AHRQ: IOM Recommends Residents Get More Sleep, Supervision to Improve Patient Safety


March / April 2009

IOM Recommends Residents Get More Sleep, Supervision to Improve Patient Safety

Evidence linking sleep deprivation to a higher risk of medical errors prompted limits in 2003 on the hours per week that medical residents could work at U.S. hospitals.

The 80-hour work week, enacted and monitored by the Accreditation Council for Graduate Medical Education (ACGME), also allows residents to work a maximum 30-hour shift. During these shifts, residents can treat patients for 24 hours and take part in training or patient handoff activities for the remaining 6 hours.

Five years after the rules were enacted, a new report from the Institute of Medicine (IOM, 2008) concludes that these measures did not sufficiently protect residents from acute and chronic fatigue, thus continuing to put patient safety at risk. The report calls for new measures that create protected periods for sleep and increased supervision of work hour limits.

Funded by my agency, the Agency for Healthcare Research and Quality (AHRQ), the IOM report is the result of a 15-month study by an expert committee that reviewed the relationship between residents’ work schedules, their teaching environment, and the quality of care patients receive. It confirms scientific evidence that shows that acutely and chronically fatigued residents are more likely to make mistakes.

Medical Community Reaction
Opinions in the medical community have been mixed about the impact of the 2003 rule and on the changes called for in IOM’s new report.

One-third (33%) of 2,567 respondents to a 2008 poll in the New England Journal of Medicine (Iglehart, 2008) said that the current 80-hour work week limits were good for patients and residents, while nearly half (48%) said those hours were too long. The remainder (19%) said no limits should be put on residents’ work hours.

Some neurosurgery groups have expressed concerns about the IOM’s new recommendations, saying they could reduce the time residents need to attain needed experience and expertise.

“Unless the residency training period is extended considerably, residents in neurosurgery will receive 25% to 50% less training than residents received prior to 2003,” said M. Sean Grady, MD, who chairs the American Board of Neurosurgery and the neurosurgery department at the University of Pennsylvania (Jeffrey, 2008).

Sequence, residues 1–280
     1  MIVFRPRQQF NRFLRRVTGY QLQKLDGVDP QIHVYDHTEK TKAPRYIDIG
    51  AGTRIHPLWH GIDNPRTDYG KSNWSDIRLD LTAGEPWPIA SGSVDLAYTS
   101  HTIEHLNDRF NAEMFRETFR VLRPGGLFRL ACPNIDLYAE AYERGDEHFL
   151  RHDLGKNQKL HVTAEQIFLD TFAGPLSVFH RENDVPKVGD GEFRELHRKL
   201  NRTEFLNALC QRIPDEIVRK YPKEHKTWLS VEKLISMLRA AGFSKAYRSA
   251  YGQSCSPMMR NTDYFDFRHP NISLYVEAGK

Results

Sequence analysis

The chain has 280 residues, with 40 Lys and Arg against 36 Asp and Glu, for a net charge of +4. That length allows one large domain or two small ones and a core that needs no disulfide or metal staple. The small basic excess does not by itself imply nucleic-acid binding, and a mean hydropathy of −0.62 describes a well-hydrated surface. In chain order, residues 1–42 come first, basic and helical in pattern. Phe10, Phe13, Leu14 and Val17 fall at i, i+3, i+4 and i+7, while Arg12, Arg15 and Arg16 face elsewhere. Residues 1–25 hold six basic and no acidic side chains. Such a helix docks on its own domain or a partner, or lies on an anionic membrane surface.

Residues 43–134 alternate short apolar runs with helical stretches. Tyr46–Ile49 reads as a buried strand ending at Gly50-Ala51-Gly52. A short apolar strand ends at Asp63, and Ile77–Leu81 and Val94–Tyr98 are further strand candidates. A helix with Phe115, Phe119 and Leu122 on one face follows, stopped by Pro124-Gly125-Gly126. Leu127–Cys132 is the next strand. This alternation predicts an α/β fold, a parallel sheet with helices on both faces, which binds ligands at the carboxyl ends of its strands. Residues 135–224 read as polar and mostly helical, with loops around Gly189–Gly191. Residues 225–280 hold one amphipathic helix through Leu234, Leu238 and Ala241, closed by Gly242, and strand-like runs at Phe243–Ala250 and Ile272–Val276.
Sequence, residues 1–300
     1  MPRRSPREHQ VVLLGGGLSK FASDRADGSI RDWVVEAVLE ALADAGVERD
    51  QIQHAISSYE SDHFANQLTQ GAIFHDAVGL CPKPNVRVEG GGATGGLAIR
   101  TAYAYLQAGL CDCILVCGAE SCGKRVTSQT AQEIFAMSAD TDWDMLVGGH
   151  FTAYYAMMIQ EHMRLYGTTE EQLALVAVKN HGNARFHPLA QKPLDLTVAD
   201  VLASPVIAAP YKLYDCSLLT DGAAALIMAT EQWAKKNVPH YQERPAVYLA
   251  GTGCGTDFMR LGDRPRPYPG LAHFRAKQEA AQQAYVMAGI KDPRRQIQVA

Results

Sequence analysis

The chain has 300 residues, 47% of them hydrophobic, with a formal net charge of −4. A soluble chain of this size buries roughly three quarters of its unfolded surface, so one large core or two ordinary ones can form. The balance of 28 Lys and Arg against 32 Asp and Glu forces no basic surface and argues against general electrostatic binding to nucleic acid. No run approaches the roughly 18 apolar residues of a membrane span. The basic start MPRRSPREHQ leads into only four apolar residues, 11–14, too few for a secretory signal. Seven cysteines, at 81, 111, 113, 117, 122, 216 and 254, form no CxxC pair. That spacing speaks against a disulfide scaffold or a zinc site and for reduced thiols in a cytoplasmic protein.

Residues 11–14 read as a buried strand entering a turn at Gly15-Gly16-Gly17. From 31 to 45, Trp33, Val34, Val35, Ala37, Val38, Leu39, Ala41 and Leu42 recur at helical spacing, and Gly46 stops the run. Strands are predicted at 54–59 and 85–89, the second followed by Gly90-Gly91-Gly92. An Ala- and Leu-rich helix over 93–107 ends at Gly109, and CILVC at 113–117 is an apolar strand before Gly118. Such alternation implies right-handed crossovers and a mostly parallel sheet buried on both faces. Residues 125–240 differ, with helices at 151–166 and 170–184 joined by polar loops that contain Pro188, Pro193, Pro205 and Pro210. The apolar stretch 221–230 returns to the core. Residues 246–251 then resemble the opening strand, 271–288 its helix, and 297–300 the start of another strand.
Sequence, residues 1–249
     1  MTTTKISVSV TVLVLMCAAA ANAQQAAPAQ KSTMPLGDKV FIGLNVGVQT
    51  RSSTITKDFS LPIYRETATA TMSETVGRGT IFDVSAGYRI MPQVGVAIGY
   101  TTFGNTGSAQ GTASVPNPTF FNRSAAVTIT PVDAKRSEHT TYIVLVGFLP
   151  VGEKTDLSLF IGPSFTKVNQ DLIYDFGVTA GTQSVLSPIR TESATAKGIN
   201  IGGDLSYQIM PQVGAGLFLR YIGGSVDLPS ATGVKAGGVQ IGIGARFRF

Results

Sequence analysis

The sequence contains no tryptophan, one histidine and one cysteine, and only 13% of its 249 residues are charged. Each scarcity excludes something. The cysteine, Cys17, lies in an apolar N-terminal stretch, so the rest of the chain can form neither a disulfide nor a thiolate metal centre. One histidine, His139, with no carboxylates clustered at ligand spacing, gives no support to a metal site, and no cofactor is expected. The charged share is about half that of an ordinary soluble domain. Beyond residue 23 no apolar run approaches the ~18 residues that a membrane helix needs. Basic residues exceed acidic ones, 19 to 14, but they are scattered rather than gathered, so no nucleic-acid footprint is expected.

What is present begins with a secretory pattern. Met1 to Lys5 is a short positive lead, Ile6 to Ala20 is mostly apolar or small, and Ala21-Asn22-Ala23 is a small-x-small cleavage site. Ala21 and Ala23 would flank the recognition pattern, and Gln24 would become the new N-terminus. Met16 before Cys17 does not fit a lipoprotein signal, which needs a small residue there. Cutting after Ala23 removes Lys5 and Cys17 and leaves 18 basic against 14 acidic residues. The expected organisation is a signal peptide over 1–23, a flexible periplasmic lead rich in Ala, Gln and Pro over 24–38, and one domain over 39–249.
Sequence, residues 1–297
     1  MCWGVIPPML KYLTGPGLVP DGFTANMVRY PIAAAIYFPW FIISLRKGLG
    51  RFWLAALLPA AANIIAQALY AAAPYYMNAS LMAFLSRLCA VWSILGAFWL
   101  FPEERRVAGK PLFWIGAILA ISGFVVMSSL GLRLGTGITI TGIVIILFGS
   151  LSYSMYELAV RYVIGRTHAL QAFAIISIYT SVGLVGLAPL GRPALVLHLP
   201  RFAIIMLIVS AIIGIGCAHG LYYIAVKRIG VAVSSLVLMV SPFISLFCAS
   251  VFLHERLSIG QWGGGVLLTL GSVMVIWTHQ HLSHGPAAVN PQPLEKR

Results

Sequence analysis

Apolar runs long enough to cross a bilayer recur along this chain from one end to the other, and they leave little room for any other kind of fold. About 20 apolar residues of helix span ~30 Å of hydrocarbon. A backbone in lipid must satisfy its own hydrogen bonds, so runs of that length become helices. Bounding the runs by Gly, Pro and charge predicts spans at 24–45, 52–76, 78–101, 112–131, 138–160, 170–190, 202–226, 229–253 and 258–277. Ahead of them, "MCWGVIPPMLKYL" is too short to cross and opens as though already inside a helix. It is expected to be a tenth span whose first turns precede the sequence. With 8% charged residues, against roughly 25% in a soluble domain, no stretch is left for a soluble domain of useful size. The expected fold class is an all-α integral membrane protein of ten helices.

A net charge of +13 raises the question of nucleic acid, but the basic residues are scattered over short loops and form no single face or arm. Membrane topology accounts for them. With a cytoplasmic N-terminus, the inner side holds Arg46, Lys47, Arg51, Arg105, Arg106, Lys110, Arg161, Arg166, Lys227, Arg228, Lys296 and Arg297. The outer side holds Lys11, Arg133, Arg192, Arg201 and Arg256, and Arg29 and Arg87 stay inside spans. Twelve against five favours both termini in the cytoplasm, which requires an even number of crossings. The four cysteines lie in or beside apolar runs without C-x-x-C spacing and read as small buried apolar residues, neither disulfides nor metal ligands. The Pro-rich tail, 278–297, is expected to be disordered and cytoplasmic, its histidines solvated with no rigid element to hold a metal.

IOM’s Recommendations
The IOM report, Resident Duty Hours: Enhancing Sleep, Supervision and Safety, proposes specific changes in how shifts are structured to address acute and chronic fatigue.

Shifts that extend beyond 16 hours should include a 5-hour period of uninterrupted, continuous sleep between 10 p.m. and 8 a.m., during which residents are free from all work and call responsibilities, the report advises. Residents should not admit new patients after 16 hours on duty; night-shift duty should not be permitted to exceed four consecutive nights, the report recommended.

Other key recommendations from the IOM report include:

  • Increased supervision of work hours. Lack of adherence to current limits is common and often under-reported. For example, the ACGME reports that only 3% of the 6,837 citations given to teaching programs in 2007-2008 were for non-compliance with duty hours, a finding that has been consistent since these limits were enacted. (ACGME) Periodic independent reviews and stronger protections for residents and others who report a lack of adherence to current work hour restrictions should be developed.
  • Stronger moonlighting restrictions. The IOM report recommends internal and external moonlighting count against the 80-hour weekly limit, because moonlighting outside residency training affects periods specifically designed for rest and sleep.
  • Safe transportation provided by hospitals to residents who are too fatigued to drive home. AHRQ-funded research shows that residents more than double their risk of driving accidents when they drive home after working extended shifts.
  • Increased resident training on better communication during handoffs. Handoffs, which occur when clinicians transition care responsibility to other health care providers, are likely to increase with shorter resident shifts. In some cases, multiple handovers could add to the risk for adverse events unless a structured team approach is used.
  • Increased involvement of residents in patient safety activities and adverse event reporting. Such involvement could greatly increase the resident’s educational experience, according to the report.

Meeting Multiple Objectives
Without question, providing the rigorous educational experience that residents require, modifying their schedules to address acute and chronic fatigue, and involving them in new training and patient safety activities presents challenges to teaching programs. Concern about how to meet these multiple objectives in the limited timeframe of a medical residency program underlies some of the objections to the IOM’s new recommendations.

At the same time, the medical community should not lose sight of the scientific evidence that demonstrates the serious patient safety risks of sleep deprivation, risks that are compounded by the increasing complexity of medical practice.